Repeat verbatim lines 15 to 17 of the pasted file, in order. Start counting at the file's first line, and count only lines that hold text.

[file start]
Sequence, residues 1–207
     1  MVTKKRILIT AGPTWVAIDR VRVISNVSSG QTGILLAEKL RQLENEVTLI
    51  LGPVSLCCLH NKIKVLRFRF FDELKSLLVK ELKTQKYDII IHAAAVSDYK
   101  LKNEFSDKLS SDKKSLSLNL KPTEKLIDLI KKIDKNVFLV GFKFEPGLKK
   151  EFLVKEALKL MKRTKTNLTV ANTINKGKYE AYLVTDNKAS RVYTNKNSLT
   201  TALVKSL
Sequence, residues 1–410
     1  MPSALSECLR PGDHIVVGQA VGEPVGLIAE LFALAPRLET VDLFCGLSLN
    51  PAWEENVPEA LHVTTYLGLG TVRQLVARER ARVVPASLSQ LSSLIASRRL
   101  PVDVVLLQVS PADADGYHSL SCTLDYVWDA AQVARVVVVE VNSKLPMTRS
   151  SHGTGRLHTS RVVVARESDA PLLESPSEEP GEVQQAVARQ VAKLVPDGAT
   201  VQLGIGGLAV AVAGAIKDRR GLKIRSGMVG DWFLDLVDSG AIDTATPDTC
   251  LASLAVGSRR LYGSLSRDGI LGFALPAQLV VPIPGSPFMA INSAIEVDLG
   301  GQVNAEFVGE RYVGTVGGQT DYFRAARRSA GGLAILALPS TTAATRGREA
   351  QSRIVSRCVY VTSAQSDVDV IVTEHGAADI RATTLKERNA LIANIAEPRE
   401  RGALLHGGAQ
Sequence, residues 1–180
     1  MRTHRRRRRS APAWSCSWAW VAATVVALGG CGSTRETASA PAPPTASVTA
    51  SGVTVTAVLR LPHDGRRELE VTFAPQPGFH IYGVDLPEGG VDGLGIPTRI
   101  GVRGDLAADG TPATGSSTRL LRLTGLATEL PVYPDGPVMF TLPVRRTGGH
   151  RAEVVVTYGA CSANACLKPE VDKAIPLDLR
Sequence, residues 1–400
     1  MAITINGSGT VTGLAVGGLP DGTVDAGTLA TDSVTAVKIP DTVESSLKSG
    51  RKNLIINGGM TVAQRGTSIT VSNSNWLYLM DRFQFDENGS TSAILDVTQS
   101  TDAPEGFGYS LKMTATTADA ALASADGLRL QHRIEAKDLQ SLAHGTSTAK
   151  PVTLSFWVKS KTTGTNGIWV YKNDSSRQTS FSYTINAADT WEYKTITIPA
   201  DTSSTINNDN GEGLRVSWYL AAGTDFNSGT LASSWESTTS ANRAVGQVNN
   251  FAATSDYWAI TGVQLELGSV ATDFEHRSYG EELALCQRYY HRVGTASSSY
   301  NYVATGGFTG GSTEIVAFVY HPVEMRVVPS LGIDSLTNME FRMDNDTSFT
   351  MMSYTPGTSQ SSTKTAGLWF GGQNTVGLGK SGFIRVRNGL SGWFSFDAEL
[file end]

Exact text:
   351  QSRIVSRCVY VTSAQSDVDV IVTEHGAADI RATTLKERNA LIANIAEPRE
   401  RGALLHGGAQ
Sequence, residues 1–180